Insects and other foods the trout should be eating:
1.    BWOs (Little and Eastern BWOs)
2.    Little Yellow Quills
3.    Little Yellow Stoneflies
4.    Slate Drakes
5.    Needle Stoneflies
6.    Mahogany Duns

Most available/ Other types of food:
7.    Sculpin, Minnows (Streamers)
8.    Craneflies
9.    Beetles
10.  Grasshoppers
11.  Ants

Fly Presentation
I'm a little late getting this posted today. We have several new projects underway and it has been
tough for me to stay on top of them and do the normal website posting. I wanted to write some
about fly presentation and today's article will kick it off.

If you want to start an argument about trout fishing with a group of anglers that are present from
both the eastern and western sections of the country, just make a statement that it's best to
present your fly in an upstream direction. If your talking to a group of Smoky Mountain anglers, the
response will something like "we didn't know there was any other way to present a fly.

Before I get off into this subject in depth, there's actually two element involved with this.  One is the
direction in which you approach the trout relative to the stream flow and a completely different
subject is the direction you cast relatively to the current. You can approach trout holding in current
in a downstream direction with the trout facing you looking upstream into the current for food, or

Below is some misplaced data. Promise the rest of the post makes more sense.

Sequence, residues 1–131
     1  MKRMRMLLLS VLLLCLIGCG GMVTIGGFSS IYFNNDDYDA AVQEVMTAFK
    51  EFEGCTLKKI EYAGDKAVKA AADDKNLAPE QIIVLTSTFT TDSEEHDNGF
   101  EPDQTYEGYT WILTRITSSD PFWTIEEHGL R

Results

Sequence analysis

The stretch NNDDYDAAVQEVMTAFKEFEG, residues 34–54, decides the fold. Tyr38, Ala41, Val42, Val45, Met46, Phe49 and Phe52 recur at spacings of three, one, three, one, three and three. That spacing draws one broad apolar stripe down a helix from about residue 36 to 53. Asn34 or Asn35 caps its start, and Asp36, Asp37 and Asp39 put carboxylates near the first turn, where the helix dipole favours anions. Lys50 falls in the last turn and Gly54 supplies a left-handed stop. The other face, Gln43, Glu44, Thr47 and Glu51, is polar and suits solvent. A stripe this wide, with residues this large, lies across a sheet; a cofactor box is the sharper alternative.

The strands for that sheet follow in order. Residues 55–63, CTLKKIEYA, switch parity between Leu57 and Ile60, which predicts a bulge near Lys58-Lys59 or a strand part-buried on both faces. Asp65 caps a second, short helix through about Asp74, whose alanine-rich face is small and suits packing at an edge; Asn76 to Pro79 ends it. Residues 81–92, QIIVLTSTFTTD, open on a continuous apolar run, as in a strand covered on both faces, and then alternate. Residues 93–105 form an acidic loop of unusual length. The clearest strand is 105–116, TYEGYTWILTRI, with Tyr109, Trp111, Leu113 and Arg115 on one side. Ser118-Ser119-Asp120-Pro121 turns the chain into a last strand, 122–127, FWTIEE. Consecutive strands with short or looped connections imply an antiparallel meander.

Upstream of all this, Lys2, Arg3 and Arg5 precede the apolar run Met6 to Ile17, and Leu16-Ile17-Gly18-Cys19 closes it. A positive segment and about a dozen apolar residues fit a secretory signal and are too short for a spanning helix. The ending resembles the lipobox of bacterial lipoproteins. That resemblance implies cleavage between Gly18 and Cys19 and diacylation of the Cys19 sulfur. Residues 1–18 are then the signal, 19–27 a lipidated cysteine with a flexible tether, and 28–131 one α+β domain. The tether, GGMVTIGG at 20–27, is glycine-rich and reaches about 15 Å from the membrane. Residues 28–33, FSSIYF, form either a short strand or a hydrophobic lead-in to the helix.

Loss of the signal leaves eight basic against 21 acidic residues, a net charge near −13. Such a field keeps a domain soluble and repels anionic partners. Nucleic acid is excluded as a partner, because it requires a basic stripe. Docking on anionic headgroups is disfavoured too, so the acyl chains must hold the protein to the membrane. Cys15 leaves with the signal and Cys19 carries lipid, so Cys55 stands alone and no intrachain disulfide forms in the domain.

you can approach them in an upstream direction from the rear of the trout looking upstream for

I will never forget an email I received from a Smoky Mountain angler a couple of years ago,
whereas the man referred to what he called a "stupid" angler that messed up his last day and best
day of fishing on a western stream. The "stupid" guy, according to him, was fishing headed in a  
downstream direction and he was fishing headed upstream as he put it, the correct way. If either
guy continued to fish, they would be fishing water just fished by the other angler.

There were some words passed back and forth between the two men and both left upset at the
other one. If that happened in the Smokies, I guess you could say the guy didn't know how to fish
the streams of the Smokies but believe it or not, approaching trout in a downstream direction isn't
an uncommon situation on some western trout streams. The facts are, there are not any hard set
rules about this at all.

The other element involved, meaning the direction you cast, can be done upstream or downstream
irrespective of which direction you are proceeding. Now that I just finished writing that, let me also
write that there is such a thing as a cross stream presentation. The only thing that's common is
irrespective which way you cast, unless it has some type of added means of propulsion, the fly is
going to head in a downstream direction.

Now, at this point, I hope I have everyone totally confused, because I'm trying to eliminate
everyone's preconceived ideas about the direction fly presentations should be made relatively to
the current, but, before I get into that, there's something else that should always be considered in
priority to everything else involved.

When you spot a trout rising, or more often than that,  spot a likely location that may hold fish, the
first and foremost important thing should be to look the situation over and then move to the best
location possible to present the fly. Ideally, you want to try to get as close as you can to the fish, or
likely location a fish may be, without spooking the fish.

The shorter the casting distance, the easier it should be for you to make that perfect presentation.
I don't know anyone who is more accurate at casting long distances than they are short distances.